As previously discussed, IsFinalTx() does allow transactions with locktimes above the current block height or timestamp to be mined - providing the sequence number is maxxed out, thus disabling the tx locktime. Submitting such a transaction with a maxxed out sequence number would be a sneaky way for the recipient to spend the funds earlier than the time specified by the sender in the txout script. So, to prevent the OP_CHECKLOCKTIMEVERIFY criteria from being bypassed, the script validation must fail when the tx locktime is disabled by the sequence number.

  • I've been searching for an example using OP_CLTV, and I think I found one here: api.blockcypher.com/v1/btc/main/txs/… However, the nLockTime for that transaction is 0, and seq is max. I was expecting the source code to compare the value pushed to stack before OP_CHECKLOCKTIMEVERIFY to compare against the current block time and not tx.nLockTime – Scott Driscoll Mar 12 '16 at 16:21

From Bitcoin.org:

Locktime allows signers to create time-locked transactions which will only become valid in the future, giving the signers a chance to change their minds.

...

Previous versions of Bitcoin Core provided a feature which prevented transaction signers from using the method described above to cancel a time-locked transaction, but a necessary part of this feature was disabled to prevent denial of service attacks. A legacy of this system are four-byte sequence numbers in every input. Sequence numbers were meant to allow multiple signers to agree to update a transaction; when they finished updating the transaction, they could agree to set every input’s sequence number to the four-byte unsigned maximum (0xffffffff), allowing the transaction to be added to a block even if its time lock had not expired.

Even today, setting all sequence numbers to 0xffffffff (the default in Bitcoin Core) can still disable the time lock, so if you want to use locktime, at least one input must have a sequence number below the maximum Since sequence numbers are not used by the network for any other purpose, setting any sequence number to zero is sufficient to enable locktime.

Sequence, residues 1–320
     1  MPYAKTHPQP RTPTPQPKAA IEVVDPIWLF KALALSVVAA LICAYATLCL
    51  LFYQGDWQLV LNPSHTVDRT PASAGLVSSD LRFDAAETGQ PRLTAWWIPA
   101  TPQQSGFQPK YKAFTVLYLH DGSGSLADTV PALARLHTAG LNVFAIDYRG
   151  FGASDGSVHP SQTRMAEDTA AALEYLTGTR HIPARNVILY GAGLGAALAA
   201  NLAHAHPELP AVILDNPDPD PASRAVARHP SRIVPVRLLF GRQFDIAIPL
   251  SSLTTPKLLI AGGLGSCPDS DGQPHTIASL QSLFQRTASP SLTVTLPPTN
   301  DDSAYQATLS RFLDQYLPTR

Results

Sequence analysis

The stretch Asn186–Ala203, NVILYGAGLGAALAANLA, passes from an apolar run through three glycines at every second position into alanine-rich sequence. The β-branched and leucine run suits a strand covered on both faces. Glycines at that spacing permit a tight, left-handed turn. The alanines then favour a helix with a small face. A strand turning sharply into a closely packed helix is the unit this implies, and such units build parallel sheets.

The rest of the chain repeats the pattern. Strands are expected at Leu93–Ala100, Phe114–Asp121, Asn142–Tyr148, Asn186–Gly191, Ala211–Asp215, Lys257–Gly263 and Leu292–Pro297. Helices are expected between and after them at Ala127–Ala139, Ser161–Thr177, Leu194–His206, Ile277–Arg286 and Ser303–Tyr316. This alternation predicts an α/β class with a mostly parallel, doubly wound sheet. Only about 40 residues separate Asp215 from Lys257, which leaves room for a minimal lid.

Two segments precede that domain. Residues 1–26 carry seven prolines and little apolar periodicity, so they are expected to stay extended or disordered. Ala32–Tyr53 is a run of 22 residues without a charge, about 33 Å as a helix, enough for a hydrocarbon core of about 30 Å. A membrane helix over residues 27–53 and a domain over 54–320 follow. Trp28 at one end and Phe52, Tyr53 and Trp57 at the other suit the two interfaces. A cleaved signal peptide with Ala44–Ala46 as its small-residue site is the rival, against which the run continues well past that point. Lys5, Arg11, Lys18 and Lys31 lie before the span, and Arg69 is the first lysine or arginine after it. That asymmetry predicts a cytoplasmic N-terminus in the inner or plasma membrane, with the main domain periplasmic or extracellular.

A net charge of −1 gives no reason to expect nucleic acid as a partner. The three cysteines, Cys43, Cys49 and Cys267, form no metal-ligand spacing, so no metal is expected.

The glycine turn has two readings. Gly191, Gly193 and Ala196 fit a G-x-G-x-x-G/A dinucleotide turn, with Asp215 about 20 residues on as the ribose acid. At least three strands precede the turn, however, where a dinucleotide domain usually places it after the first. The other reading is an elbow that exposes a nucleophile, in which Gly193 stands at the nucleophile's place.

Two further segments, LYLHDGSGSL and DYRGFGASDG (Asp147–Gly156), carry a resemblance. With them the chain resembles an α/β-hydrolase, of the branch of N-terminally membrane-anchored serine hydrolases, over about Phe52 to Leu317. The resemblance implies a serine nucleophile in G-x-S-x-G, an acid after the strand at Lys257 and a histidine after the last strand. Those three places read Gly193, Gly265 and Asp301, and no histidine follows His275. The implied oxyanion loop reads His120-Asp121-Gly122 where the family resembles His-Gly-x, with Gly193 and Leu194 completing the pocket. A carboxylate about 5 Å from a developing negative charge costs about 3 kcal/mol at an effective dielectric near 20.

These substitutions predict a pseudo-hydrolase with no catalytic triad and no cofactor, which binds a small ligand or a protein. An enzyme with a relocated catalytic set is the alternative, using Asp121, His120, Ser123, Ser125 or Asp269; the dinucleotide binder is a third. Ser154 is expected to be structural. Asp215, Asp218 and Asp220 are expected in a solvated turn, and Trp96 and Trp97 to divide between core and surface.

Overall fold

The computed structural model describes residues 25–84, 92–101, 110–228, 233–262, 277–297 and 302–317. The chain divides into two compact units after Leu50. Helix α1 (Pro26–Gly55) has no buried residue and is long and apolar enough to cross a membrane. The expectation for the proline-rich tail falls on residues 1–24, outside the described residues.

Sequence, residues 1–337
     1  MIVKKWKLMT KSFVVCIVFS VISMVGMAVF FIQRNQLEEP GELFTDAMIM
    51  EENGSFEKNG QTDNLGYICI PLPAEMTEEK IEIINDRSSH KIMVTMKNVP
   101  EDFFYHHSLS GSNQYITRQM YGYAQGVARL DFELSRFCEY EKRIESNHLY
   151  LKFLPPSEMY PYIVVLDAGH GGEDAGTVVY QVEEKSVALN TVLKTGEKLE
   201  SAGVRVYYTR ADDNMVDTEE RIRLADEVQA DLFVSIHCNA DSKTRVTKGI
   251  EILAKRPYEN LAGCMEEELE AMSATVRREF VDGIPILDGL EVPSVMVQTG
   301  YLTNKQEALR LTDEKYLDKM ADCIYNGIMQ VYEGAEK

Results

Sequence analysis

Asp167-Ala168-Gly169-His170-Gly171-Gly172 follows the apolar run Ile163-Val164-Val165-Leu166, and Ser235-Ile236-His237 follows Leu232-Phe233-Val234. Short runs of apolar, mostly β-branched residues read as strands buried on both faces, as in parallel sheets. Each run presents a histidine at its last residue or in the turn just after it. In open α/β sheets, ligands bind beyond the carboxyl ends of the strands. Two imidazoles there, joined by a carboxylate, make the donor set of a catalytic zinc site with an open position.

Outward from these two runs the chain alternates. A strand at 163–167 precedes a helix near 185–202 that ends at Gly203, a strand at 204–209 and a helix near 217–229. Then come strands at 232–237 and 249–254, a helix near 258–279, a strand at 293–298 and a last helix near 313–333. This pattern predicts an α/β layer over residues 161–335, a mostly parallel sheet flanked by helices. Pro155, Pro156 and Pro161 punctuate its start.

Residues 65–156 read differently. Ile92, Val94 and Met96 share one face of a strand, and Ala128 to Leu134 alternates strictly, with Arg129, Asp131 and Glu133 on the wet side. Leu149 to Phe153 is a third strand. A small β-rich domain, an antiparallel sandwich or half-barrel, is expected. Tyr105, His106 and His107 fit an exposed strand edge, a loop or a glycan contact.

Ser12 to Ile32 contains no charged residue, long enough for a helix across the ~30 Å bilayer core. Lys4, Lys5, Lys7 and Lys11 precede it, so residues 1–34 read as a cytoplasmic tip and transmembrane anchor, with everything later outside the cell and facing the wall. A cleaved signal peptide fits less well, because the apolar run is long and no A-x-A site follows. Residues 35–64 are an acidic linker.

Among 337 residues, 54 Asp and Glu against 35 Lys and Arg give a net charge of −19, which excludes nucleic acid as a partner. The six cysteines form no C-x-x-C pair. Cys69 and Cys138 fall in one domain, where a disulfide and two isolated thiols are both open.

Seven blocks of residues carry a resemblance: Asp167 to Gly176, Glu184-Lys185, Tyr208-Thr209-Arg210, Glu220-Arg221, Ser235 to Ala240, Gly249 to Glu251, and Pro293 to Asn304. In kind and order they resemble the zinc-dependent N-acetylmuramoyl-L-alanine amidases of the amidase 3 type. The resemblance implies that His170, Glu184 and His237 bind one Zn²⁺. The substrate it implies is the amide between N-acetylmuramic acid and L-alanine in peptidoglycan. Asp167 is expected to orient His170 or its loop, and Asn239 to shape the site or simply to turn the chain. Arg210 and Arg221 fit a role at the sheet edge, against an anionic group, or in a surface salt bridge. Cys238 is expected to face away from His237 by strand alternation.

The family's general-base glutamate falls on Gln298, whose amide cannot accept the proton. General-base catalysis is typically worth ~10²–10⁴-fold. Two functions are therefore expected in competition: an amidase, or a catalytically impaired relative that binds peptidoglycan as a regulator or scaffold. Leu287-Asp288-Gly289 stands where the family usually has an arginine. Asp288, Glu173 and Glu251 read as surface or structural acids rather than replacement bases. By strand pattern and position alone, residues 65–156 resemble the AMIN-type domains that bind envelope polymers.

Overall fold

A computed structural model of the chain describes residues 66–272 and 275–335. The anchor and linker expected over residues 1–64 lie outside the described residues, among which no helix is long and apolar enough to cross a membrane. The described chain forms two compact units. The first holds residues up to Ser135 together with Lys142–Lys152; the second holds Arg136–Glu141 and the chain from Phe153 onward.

So it's essentially that nLockTime is disabled if the sequence value is 0xffffffff, but for 0 <= sequence_value < 0xffffffff, nTimeLock is enabled.

IMO the confusion is arising because there's conflation of the functionality of OP_CHECKLOCKTIMEVERIFY (BIP65) and nTimeLock. I was similarly confused, so check out these Bitcoin.org definitions and nTimeLock may disappoint you

  • some more good discussion on the topic - bitcointalk.org/index.php?topic=766893.0 – mulllhausen Sep 30 '15 at 14:40
  • I'm still confused - mainly by the comment where it says "and thus CHECKLOCKTIMEVERIFY bypassed". If the sequence number is maxxed out but there is a script with CHECKLOCKTIMEVERIFY in it, then this will NOT be bypassed - the script will fail! – mulllhausen Oct 1 '15 at 13:35
  • @mulllhausen I'm not versed in C++, so can you clarify what if (txTo->vin[nIn].isFinal()); means? txTo is the spending transaction, and vin[nIn] is just an array of UTXOs, right? What does -> mean? Re if the sequence number is maxxed out but there is a script with CHECKLOCKTIMEVERIFY in it, then this will NOT be bypassed - the script will fail!... Hmm, yes, I see your point. I wonder what bypassing means? It may just mean the scripting drops OP_CLTV if the sequence is less than 0xffffffff? – Wizard Of Ozzie Oct 1 '15 at 13:42
  • isFinal() is a method in transaction.h. its basically a check for sequence num == 0xffffffff for this txin. when this condition is met then a script containing OP_CHECKLOCKTIMEVERIFY fails with set_error(serror, SCRIPT_ERR_UNSATISFIED_LOCKTIME); – mulllhausen Oct 1 '15 at 14:31

mulllhausen's answer is great, but here's a shorter example that illustrates why the vin seq number can't be final or maxed.

Suppose I want to spend a CLTV output. I wait until the CLTV time has passed, and then create a transaction with nLockTime set to the current block time, and the sequence number set to something less than 2^32-1, say 0.

Now that transaction will verify because

CLTV time <= tx.nLockTime <= current block time

We're basically using nLockTime as a proxy for the current block time to say current block time is past the CLTV time.

However, if I set all my seq numbers to max, I would be able to submit a transaction with an nLockTime in the future, ie, greater than current block time, thereby bypassing the CLTV time. nLockTime must be <= to current block time if not all seq numbers are maxed. So by checking to make sure at least one Vin Seq number is not final, we make sure they all aren't maxed, allowing this bypass scenario.